BANGKOK, Thailand — They have been compared to human viruses. They have been violently purged from their homes into ghettoized camps. Officials have called them ogres and designed laws to lower their birthrate.
Such is the fate of the Rohingya, a coastal-dwelling Muslim minority from Myanmar.
The Rohingya have endured a bloody exodus from their homes at the hands of Buddhist vigilantes and complicit authorities. Nearly 150,000 are now stuck in camps where food and medicine are scarce and armed troops man the gates.
This is textbook ethnic cleansing. But is it genocide?
For better or worse, the word is increasingly used by highly influential figures to describe the Rohingya crisis.
Archbishop Desmond Tutu, among the world’s best known activists, has called it “slow genocide.” Other Nobel Peace Prize winners call it “nothing less than genocide.” Billionaire philanthropist George Soros, who funds political activists in Myanmar, has said the “parallels to Nazi genocide are alarming.”
Long simmering in obscurity, the Rohingya nightmare has become a global cause célèbre. It has even attracted its first celebrity: Matt Dillon, who recently visited Rohingya camps.
The Rohingya have roused the world’s guilt over past horrors that humanity failed to prevent — think Cambodia, Bosnia, Rwanda — and compelled many to condemn their persecution in the strongest language possible. (Myanmar’s government, which considers Rohingya to be invaders from Bangladesh, calls the genocide designation “unbalanced.")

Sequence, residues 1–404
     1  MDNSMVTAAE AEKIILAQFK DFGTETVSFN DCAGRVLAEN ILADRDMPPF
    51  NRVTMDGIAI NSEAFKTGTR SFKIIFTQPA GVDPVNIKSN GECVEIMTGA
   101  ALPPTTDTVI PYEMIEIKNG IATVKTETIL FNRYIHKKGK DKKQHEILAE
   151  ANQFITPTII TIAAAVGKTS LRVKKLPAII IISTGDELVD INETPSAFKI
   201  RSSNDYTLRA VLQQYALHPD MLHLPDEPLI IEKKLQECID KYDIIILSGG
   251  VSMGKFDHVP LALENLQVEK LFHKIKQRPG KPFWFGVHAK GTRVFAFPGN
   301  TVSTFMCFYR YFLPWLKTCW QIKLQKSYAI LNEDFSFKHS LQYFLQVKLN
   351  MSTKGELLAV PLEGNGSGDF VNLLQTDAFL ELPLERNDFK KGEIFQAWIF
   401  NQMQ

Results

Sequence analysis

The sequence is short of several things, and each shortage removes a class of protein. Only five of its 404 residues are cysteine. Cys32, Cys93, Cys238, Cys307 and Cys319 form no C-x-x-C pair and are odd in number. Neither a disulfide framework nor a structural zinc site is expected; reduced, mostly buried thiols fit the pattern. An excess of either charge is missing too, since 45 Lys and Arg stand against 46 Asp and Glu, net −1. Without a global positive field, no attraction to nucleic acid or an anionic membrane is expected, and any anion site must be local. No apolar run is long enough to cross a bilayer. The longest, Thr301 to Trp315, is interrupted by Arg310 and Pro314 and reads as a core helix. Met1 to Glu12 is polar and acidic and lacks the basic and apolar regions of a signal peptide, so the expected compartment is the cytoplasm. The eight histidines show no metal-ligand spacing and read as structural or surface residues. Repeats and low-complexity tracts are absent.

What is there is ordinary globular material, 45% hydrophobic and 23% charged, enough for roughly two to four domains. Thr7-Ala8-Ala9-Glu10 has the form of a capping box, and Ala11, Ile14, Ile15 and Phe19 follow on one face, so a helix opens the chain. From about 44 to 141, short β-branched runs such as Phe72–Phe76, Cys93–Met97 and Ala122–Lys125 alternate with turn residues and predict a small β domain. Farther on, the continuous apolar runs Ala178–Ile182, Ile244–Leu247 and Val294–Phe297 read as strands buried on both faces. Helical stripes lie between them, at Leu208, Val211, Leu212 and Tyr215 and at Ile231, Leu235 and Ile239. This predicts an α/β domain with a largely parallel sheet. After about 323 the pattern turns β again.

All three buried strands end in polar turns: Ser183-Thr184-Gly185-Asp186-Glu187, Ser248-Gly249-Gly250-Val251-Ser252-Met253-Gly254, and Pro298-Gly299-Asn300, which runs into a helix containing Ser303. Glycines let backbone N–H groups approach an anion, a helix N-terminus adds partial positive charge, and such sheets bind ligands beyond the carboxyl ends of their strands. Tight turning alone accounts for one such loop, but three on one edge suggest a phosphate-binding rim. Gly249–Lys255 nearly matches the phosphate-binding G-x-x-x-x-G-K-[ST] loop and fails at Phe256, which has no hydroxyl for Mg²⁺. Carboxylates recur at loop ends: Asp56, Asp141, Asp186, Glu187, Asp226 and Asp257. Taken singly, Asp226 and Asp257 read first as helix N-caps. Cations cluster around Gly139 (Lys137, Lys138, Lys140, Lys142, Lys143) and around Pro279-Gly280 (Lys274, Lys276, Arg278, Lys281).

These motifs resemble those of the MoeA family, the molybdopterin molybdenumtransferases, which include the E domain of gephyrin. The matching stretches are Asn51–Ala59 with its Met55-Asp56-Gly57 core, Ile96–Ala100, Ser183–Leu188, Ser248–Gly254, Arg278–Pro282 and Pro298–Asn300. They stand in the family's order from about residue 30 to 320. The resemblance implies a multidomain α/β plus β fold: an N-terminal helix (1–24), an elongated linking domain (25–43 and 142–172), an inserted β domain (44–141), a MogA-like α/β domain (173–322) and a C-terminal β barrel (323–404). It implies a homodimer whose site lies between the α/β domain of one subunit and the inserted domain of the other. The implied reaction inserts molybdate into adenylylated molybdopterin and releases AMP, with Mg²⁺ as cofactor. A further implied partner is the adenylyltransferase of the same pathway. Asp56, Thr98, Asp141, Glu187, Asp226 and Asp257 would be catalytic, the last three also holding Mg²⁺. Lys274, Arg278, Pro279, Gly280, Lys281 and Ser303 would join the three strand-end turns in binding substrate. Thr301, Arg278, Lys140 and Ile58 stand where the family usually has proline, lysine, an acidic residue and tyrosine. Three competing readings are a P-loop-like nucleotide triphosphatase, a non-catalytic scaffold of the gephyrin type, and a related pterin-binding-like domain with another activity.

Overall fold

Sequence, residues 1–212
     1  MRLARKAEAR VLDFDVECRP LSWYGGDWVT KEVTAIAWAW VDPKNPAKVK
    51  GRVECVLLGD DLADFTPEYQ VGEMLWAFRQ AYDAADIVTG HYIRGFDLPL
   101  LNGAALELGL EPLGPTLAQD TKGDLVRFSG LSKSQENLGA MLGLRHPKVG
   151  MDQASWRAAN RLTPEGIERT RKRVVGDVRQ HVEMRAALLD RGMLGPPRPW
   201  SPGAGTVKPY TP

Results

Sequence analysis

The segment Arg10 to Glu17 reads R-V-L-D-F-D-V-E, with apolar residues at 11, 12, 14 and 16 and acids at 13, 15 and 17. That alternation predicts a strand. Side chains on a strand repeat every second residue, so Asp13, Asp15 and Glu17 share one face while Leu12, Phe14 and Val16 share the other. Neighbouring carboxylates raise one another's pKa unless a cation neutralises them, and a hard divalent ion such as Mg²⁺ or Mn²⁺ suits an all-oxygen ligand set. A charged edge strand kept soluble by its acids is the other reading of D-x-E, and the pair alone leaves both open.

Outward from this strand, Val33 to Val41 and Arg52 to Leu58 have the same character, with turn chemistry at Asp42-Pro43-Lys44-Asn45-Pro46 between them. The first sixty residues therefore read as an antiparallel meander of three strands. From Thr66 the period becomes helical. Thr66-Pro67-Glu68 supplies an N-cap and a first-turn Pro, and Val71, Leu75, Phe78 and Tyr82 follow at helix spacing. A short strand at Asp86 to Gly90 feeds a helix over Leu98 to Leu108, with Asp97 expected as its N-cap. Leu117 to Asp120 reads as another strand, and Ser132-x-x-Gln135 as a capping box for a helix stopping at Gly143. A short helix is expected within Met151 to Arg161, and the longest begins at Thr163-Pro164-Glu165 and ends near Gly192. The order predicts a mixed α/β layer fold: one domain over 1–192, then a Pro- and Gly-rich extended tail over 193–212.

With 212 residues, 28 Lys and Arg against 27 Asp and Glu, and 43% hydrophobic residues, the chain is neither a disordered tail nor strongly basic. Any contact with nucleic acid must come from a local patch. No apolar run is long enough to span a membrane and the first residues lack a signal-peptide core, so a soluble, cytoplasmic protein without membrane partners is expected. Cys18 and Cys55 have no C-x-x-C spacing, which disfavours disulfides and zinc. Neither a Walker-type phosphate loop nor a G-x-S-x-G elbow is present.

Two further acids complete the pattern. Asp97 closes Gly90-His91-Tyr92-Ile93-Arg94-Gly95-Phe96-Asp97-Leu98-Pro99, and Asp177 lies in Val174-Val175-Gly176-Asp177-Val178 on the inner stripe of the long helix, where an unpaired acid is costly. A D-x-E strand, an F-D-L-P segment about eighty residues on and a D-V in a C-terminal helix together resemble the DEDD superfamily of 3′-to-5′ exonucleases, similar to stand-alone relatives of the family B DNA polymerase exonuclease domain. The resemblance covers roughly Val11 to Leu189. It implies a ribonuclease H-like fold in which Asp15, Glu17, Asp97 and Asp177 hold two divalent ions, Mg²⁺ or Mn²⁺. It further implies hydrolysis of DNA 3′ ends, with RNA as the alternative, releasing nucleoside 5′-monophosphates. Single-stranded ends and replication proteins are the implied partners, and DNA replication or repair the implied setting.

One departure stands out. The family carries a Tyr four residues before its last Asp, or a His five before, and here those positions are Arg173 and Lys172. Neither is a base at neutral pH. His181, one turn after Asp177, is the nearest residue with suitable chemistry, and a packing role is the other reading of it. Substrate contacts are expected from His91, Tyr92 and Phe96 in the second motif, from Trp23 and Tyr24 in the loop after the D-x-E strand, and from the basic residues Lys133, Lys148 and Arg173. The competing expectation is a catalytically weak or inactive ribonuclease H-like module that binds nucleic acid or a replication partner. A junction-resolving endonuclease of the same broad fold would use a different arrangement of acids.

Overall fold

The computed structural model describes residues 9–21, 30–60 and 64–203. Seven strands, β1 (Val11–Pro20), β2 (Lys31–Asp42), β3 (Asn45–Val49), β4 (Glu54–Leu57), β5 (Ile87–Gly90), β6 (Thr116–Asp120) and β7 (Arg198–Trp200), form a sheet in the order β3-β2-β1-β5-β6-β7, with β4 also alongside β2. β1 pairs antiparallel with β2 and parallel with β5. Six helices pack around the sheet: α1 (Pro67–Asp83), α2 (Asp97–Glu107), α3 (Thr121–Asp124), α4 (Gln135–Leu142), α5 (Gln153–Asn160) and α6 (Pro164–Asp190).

But genocide isn’t just a chilling descriptor. It’s also a legal term that came to prominence in the wake of the Holocaust. And it’s defined by the United Nations as a crime against international law.
According to the UN, a genocide can take place when any of the following acts are committed with “intent to destroy” an ethnic or religious group:
“Killing members of the group”
Rohingya have been hacked up and driven from their homes by Buddhist vigilantes. Authorities did little to prevent these attacks and, in some cases, abetted the violence, according to Fortify Rights, a nonprofit watchdog group that specializes in documenting anti-Rohingya abuse.
“Homes would be set ablaze, mosques would be set ablaze,” says Matthew Smith, the group’s founder. “And when local populations would attempt to extinguish the fires, state security forces would open fire.”
“Causing serious bodily or mental harm to members of the group”
Rohingya men interviewed by GlobalPost explain that corrupt cops or troops can victimize them at will. Men coerced into forced labor can’t work to feed their families. “We began to starve,” says a Rohingya man who once stayed in the camps and now lives in Thailand. “I was always working for police or soldiers for free.”
“Deliberately inflicting on the group conditions of life calculated to bring about its physical destruction in whole or in part”
Mob attacks on Rohingya have been systematic and well planned, Smith says. “There were essentially town-hall style meetings ... in which the sole topic of discussion was how to remove Muslims from villages,” he says.
Though Myanmar’s central government doesn’t acknowledge the Rohingya’s right to live on their native lands, there is no national strategy to kill them. Most evidence suggests that members of a local political faction, formerly called the Rakhine National Development Party, were key instigators of the Rohingya purges that raged hottest in 2012.